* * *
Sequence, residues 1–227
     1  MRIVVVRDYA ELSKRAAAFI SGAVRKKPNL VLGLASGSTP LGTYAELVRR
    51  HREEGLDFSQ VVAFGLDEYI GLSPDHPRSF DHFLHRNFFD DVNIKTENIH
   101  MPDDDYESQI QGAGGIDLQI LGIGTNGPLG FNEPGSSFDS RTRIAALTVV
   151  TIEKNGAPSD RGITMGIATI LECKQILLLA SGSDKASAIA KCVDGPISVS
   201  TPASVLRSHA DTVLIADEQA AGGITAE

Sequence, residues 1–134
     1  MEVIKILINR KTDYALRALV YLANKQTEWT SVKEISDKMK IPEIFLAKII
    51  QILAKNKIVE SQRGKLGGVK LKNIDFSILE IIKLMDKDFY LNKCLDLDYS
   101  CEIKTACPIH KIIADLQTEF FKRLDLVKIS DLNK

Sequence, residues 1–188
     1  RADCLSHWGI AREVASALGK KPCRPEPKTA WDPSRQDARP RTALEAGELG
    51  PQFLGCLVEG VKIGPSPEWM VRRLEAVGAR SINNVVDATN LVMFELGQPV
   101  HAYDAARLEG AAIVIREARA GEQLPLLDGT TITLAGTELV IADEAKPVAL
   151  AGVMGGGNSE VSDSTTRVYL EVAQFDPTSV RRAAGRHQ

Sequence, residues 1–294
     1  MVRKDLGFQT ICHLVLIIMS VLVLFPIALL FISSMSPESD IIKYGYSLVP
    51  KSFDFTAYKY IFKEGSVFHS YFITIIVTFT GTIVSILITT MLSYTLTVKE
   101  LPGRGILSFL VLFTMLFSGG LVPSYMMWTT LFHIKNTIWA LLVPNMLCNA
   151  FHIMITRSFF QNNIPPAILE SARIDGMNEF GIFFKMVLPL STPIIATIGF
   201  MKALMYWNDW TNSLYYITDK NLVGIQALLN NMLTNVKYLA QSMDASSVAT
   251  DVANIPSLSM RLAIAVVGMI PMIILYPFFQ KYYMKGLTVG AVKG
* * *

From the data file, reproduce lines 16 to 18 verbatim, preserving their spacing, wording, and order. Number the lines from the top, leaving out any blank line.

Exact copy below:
Sequence, residues 1–294
     1  MVRKDLGFQT ICHLVLIIMS VLVLFPIALL FISSMSPESD IIKYGYSLVP
    51  KSFDFTAYKY IFKEGSVFHS YFITIIVTFT GTIVSILITT MLSYTLTVKE